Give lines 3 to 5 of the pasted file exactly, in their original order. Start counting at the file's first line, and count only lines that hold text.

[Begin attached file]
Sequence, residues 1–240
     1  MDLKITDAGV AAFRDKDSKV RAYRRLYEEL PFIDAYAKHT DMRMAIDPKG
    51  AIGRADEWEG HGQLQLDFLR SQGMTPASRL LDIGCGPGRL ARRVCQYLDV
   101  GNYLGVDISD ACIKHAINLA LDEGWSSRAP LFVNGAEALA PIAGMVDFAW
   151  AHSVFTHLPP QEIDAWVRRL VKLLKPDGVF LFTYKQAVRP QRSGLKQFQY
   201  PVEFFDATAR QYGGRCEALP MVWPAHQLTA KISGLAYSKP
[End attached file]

    51  AIGRADEWEG HGQLQLDFLR SQGMTPASRL LDIGCGPGRL ARRVCQYLDV
   101  GNYLGVDISD ACIKHAINLA LDEGWSSRAP LFVNGAEALA PIAGMVDFAW
   151  AHSVFTHLPP QEIDAWVRRL VKLLKPDGVF LFTYKQAVRP QRSGLKQFQY